Then, as representational capacity increases, we reach the threshold of perfectly parametrized models where there is exactly one optimal point. Our number of equations exactly matches our number of unknowns so there is a single ‘correct’ solution. The optimal set holds only a single point. Now, as statistical theory tells us, since we have just enough representational capacity to perfectly memorize the training data, it also has the freedom to vary arbitrarily away from the datapoints, and often because of the artificial nature of this solution (it is really just fitting noise), it will often do so. The optimal point exists but it may be very very far from the optimal solution in terms of generalization loss. We have entered the realm of overfitting.

But the story does not end here. We can continue adding parameters and representational capacity into the network and obtain overparametrized networks. We now have more variables than constraints and so we have an infinity of solutions. The optimal set grows in number and becomes a volume. In the case of linear equations, we know exactly what happens with the optimal set – it becomes a linear hyperplane of dimension \(E - U\) where \(E\) is the number of equations and \(U\) is the number of unknowns. However, for deep networks in practice, the geometry of the optimal set will be much more complex than that of the linear system of equations, and currently seems poorly understood. However, understanding and quantitatively describing this geometry will be key to understanding generalization in overparametrized networks and in ultimately deriving improved learning algorithms to grok faster and more robustly.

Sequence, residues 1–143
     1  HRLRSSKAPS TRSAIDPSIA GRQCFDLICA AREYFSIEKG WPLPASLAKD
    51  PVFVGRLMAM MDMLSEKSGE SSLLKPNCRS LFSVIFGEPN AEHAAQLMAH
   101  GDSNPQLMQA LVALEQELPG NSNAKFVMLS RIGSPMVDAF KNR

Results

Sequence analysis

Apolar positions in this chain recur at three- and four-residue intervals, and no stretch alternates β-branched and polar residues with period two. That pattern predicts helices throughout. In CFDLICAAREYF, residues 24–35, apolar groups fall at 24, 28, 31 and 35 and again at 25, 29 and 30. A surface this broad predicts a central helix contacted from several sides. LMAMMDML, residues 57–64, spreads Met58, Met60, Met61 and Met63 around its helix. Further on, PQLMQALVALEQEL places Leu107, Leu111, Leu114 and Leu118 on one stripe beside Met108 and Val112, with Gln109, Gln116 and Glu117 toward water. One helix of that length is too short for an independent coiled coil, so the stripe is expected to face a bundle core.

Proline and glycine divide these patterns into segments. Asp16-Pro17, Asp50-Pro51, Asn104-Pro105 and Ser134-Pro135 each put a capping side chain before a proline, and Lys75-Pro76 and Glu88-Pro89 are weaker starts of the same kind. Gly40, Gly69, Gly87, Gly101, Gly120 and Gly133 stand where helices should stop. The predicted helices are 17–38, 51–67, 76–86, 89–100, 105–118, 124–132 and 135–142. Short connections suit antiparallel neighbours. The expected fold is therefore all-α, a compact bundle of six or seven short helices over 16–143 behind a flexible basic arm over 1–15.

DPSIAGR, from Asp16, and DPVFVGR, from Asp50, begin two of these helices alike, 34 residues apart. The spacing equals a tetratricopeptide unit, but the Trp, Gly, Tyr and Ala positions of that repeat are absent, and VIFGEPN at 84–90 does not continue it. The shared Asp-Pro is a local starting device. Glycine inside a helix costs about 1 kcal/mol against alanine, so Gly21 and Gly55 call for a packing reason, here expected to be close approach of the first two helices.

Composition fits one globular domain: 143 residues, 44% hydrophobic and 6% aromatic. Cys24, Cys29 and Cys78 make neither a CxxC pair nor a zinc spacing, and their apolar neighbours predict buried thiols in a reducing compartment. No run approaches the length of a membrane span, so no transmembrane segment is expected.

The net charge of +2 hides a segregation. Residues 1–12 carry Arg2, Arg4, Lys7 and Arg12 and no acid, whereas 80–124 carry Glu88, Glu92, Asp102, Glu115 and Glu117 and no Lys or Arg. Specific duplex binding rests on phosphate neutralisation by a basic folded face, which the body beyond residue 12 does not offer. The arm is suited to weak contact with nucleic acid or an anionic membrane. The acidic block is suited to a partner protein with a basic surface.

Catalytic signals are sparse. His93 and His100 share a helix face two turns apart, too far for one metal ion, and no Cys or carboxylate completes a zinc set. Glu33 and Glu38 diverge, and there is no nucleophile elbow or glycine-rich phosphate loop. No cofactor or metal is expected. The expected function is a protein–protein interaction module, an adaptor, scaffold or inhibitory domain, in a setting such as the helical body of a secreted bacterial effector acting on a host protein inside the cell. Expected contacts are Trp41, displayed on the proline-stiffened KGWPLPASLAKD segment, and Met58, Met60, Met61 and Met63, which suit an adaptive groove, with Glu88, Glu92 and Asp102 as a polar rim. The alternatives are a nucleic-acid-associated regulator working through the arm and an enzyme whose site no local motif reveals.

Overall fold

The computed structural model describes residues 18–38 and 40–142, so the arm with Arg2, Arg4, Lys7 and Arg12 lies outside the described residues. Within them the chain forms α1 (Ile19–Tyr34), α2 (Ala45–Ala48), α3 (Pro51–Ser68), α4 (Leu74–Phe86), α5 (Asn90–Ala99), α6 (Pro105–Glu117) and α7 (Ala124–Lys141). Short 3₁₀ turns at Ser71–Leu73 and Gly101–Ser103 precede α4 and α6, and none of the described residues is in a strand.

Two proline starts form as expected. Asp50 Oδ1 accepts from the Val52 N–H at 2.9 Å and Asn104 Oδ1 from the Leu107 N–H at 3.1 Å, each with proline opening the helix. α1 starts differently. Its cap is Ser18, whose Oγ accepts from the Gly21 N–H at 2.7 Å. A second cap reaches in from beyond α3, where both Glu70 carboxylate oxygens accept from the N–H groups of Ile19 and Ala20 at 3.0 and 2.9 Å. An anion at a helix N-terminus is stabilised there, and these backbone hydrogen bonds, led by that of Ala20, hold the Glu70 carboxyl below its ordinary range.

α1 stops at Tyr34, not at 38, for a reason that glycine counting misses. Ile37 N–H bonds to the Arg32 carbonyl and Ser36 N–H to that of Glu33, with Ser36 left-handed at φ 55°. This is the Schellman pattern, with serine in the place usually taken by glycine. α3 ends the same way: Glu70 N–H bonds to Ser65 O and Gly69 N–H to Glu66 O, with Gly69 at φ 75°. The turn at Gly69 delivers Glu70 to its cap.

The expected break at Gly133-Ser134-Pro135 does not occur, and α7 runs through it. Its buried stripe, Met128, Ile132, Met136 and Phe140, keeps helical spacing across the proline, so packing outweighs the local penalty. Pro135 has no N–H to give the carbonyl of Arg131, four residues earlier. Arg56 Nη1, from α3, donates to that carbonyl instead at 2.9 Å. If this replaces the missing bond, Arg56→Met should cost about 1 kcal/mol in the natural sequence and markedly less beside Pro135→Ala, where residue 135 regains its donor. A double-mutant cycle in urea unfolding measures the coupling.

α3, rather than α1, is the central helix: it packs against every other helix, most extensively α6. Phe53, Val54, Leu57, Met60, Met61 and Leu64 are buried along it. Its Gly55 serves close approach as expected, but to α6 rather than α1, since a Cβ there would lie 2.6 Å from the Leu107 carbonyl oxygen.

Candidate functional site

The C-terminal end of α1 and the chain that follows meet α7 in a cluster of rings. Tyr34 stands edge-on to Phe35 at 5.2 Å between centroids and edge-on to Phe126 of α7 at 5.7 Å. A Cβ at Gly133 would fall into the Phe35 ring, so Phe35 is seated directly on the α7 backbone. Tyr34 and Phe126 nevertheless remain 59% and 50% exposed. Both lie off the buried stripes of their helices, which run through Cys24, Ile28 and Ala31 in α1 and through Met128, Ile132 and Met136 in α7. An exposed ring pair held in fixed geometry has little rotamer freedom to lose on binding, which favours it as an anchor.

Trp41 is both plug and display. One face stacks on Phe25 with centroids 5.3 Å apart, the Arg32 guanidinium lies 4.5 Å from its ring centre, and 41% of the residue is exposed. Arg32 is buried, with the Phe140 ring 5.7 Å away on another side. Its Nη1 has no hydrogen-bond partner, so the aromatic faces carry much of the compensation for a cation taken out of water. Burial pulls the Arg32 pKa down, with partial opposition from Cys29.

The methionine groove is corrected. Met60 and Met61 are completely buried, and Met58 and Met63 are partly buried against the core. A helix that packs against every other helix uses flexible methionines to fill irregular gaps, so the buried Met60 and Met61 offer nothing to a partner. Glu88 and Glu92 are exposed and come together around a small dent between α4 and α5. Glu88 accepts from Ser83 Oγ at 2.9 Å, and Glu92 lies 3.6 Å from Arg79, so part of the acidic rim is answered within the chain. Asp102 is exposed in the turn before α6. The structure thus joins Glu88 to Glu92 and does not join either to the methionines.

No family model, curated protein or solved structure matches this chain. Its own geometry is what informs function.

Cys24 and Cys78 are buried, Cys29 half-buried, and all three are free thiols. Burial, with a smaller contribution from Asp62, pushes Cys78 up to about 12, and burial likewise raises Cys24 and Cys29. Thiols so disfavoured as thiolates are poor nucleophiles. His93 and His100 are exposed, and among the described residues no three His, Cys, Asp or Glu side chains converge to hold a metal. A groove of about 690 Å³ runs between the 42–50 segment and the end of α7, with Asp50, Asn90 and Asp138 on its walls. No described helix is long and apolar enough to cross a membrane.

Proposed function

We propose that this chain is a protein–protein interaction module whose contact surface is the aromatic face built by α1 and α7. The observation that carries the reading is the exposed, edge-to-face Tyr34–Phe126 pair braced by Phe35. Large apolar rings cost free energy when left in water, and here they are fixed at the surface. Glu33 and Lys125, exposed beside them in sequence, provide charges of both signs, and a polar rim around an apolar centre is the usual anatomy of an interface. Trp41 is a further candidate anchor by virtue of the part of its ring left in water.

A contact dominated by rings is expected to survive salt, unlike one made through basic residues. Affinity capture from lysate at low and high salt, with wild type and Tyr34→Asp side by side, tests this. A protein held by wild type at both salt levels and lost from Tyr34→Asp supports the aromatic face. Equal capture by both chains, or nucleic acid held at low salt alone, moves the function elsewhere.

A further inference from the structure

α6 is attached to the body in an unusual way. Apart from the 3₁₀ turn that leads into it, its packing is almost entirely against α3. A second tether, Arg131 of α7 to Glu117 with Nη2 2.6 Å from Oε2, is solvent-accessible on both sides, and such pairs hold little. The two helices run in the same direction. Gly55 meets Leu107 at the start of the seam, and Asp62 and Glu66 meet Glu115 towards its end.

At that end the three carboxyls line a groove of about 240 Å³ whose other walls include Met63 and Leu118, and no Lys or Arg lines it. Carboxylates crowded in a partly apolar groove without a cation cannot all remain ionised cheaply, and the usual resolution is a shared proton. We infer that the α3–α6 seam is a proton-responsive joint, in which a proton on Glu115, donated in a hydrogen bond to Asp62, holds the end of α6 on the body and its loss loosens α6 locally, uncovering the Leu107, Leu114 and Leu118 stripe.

As the network moves past its perfectly parametrized state and slowly becomes overparametrized, what happens to the optimal set? To begin, we get scattered points and ultimately ‘islands’ of optimality forming as occasional and distributed parameter combinations becomes optimal (of course technically there are an infinite amount of such islands and maybe some infinite ‘channels’ connecting them representing redundant of nuisance parameter dimensions, but crucially the volume of the optimal set is still incredibly small compared to the non-optimal set). We now turn to the other side of the equation: given such an island archipelago, what will stochastic gradient descent (SGD) do during training? It will be initialized somewhere, walk towards an island close to where it started, fall into the island (almost certainly a bad one in terms of validation loss) and then get stuck. SGD will explore the small volume of the island but it cannot get out because it is surrounded by vast oceans of suboptimality and the distance to the next island is too great for SGD to ever ‘tunnel’ across the surrounding suboptimality due to gradient noise. The network is stuck. It will not grok or ever exhibit good generalization performance. It will just stay overfit indefinitely. In one sense the network failed because it was overparametrized, but in another because it was not overparametrized enough.